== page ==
David Chang (Jeff Rumans for Endpoints News)

Al­lo­gene, Over­land plot speedy Asia play for off-the-shelf CAR-T with $117M joint ven­ture

David Chang got a good look at what it takes to bring CAR-T ther­a­py to Chi­na and Asia mar­kets when he and Arie Bellde­grun struck a deal with Fo­s­un Phar­ma to form a joint ven­ture around its pi­o­neer­ing lym­phoma treat­ment — which would come to be known as Yescar­ta — in 2017, just af­ter sub­mit­ting a BLA to the FDA.

With Al­lo­gene, the duo’s high pro­file start­up aimed at de­liv­er­ing off-the-shelf CAR-T, he’s do­ing the same.

“With cell ther­a­py, there is a con­tin­u­ous ef­fort to em­ploy the next gen­er­a­tion tech­nol­o­gy and re­fine what we’re do­ing,” Chang told End­points News, ex­plain­ing his reser­va­tions on a sim­ple out-li­cens­ing mod­el.

Hua Mu

Al­lo­gene’s part­ner of choice is Over­land Phar­ma­ceu­ti­cals, the well-heeled Hill­house start­up that en­tered the stage just days ago and al­ready un­veiled a sim­i­lar deal with ADC Ther­a­peu­tics. Over­land is pour­ing $117 mil­lion in­to Al­lo­gene Over­land Bio­pharm, $40 mil­lion in the form of an up­front to Al­lo­gene and the rest in­ject­ed straight in­to JV op­er­a­tions.

Con­trast that with the $20 mil­lion that Fo­s­un com­mit­ted to set up shop with Kite, and you can de­duce just how far the cell ther­a­py space in Chi­na has come.

Hua Mu, in­ter­im CEO and CMO of Over­land, would know. Dur­ing his stint at WuXi AppTec be­fore even­tu­al­ly land­ing a ven­ture part­ner role at Hill­house, he was in­volved in the dis­cus­sions with Juno that even­tu­al­ly gave birth to JW Ther­a­peu­tics — and de­spite the promis­ing clin­i­cal da­ta and clear need, both sides had ques­tions. Juno made it clear they wouldn’t want to get in un­less Chi­na start­ed reg­u­lat­ing CAR-T as a drug rather than med­ical tech­nol­o­gy; WuXi wasn’t en­tire­ly sure cell ther­a­py is a vi­able class of med­i­cine.

Af­ter a sweep­ing reg­u­la­to­ry re­form and a cou­ple of FDA ap­provals lat­er, the ques­tions have now changed. The lead pro­grams at Fo­s­un Kite and JW are both un­der re­view in Chi­na with OKs ex­pect­ed im­mi­nent­ly. It’s a mat­ter of who can get it and how fast.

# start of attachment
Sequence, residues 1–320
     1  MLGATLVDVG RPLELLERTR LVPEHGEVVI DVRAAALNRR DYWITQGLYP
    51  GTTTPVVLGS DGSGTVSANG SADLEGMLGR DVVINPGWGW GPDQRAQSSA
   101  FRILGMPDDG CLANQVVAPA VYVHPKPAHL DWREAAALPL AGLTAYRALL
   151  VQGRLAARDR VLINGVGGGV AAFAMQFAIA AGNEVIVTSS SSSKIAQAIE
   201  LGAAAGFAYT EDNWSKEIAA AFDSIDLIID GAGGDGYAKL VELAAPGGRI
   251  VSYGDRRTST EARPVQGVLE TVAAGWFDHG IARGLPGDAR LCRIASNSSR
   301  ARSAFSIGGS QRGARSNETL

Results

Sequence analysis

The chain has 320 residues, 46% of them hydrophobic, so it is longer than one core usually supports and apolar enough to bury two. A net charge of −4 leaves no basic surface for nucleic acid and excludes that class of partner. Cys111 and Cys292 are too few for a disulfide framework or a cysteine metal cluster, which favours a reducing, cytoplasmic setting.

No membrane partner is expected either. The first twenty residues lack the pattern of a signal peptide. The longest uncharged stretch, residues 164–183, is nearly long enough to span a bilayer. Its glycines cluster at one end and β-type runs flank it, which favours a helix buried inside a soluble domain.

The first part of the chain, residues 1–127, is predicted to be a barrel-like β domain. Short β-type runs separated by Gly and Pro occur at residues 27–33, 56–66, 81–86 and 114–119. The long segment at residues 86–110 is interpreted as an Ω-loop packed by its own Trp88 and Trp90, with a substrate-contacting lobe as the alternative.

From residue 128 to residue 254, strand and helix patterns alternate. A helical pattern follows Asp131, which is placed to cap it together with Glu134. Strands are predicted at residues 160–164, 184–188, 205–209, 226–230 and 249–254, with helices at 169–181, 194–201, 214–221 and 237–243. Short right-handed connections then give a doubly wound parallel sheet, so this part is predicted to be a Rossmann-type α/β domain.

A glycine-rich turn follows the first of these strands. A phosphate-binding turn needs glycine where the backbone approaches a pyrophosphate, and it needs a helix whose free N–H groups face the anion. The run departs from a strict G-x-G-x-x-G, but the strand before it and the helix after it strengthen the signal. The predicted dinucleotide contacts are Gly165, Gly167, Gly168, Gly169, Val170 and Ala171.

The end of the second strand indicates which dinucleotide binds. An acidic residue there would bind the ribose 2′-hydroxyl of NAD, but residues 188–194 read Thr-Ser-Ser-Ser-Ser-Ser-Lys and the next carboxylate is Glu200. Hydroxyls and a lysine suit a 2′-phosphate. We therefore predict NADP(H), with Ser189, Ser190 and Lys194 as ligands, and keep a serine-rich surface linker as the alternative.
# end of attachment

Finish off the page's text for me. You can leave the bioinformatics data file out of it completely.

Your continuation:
“So there’s no doubt about cell ther­a­py as a vi­able new ther­a­py,” Mu said. “The ques­tion is how to make it bet­ter, how to make it more ap­plic­a­ble, how to make it more use­ful to ad­dress the un­met med­ical need.”

Ed Zhang

The promise of en­gi­neer­ing healthy donor cells to re­place the first-gen­er­a­tion, per­son­al­ized ap­proach ap­peared to of­fer the an­swer. Lin­ger­ing un­cer­tain­ty re­gard­ing cell ther­a­py im­por­ta­tion means it will take time to sort out how pre­cise­ly to get the drug ma­te­r­i­al to pa­tients, but the part­ners are al­so start­ing at an ear­li­er stage of de­vel­op­ment.

Since Al­lo­gene’s lead pro­gram in BC­MA has just gen­er­at­ed ini­tial Phase I da­ta, Chang still sees op­por­tu­ni­ties to in­clude come Chi­nese pa­tients in its piv­otal study down the line. Aside from that, it’s hand­ed over three oth­er cell ther­a­py con­structs tar­get­ing CD70, FLT3 and DLL3 to treat a num­ber of both hema­to­log­ic and sol­id tu­mors.

Over­land has al­so se­cured rights in Tai­wan, South Ko­rea and Sin­ga­pore, giv­ing the com­pa­ny plen­ty to work on while talk­ing to reg­u­la­tors and ex­plor­ing lo­cal man­u­fac­tur­ing in Chi­na.

Hill­house’s pres­ence in the re­gion, span­ning hos­pi­tal net­works, reg­u­la­to­ry tact, clin­i­cal ex­pe­ri­ence, CMC knowhow as well as sales and dis­tri­b­u­tion mus­cle, was a big part of why Over­land won over many oth­er bid­ders af­ter all.

For Over­land, the kind of in­dus­tri­al scale pro­duc­tion that al­lo­gene­ic cell ther­a­py en­ables — with each batch pro­duc­ing enough prod­ucts for 100 pa­tients and a turn­around time shrunk from weeks to days — fits well with the large, price-con­scious mar­ket that it’s try­ing to ad­dress.

“From cost of man­u­fac­tur­ing to ef­fi­cien­cy, I think al­lo­gene­ic brings a dif­fer­ent ball game,” said Ed Zhang, who’s dou­bling as chief busi­ness of­fi­cer and chief op­er­at­ing of­fi­cer.

And if every­thing goes well, it will be ball game plays out in Asia al­most in re­al-time as it does in the US and Eu­rope.

Health­care Dis­par­i­ties and Sick­le Cell Dis­ease

In the complicated U.S. healthcare system, navigating a serious illness such as cancer or heart disease can be remarkably challenging for patients and caregivers. When that illness is classified as a rare disease, those challenges can become even more acute. And when that rare disease occurs in a population that experiences health disparities, such as people with sickle cell disease (SCD) who are primarily Black and Latino, challenges can become almost insurmountable.

David Meek, new Mirati CEO (Marlene Awaad/Bloomberg via Getty Images)

Fresh off Fer­Gene's melt­down, David Meek takes over at Mi­rati with lead KRAS drug rac­ing to an ap­proval

In the insular world of biotech, a spectacular failure can sometimes stay on any executive’s record for a long time. But for David Meek, the man at the helm of FerGene’s recent implosion, two questionable exits made way for what could be an excellent rebound.

Meek, most recently FerGene’s CEO and a past head at Ipsen, has become CEO at Mirati Therapeutics, taking the reins from founding CEO Charles Baum, who will step over into the role of president and head of R&D, according to a release.